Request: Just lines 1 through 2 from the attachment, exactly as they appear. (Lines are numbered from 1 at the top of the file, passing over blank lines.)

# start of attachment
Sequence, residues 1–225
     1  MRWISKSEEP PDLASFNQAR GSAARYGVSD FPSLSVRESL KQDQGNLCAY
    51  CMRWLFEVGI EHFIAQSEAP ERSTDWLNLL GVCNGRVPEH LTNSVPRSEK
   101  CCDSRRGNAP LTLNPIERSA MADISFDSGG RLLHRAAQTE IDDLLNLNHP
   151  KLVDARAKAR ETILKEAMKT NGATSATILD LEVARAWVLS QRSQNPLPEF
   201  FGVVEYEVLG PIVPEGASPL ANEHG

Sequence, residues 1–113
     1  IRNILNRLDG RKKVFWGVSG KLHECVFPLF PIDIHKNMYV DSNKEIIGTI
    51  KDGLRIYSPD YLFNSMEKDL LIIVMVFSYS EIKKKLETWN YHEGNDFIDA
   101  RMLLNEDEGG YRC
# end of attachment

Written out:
Sequence, residues 1–225
     1  MRWISKSEEP PDLASFNQAR GSAARYGVSD FPSLSVRESL KQDQGNLCAY